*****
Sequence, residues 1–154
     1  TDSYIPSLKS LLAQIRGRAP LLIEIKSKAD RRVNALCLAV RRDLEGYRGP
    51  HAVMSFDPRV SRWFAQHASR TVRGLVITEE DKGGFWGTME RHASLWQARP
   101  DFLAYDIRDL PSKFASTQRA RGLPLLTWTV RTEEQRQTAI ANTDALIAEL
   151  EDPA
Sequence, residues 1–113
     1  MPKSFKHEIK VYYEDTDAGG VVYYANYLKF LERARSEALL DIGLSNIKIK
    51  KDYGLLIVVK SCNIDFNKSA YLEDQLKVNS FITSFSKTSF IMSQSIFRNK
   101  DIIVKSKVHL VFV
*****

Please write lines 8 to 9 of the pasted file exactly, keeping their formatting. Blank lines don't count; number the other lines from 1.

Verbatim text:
    51  KDYGLLIVVK SCNIDFNKSA YLEDQLKVNS FITSFSKTSF IMSQSIFRNK
   101  DIIVKSKVHL VFV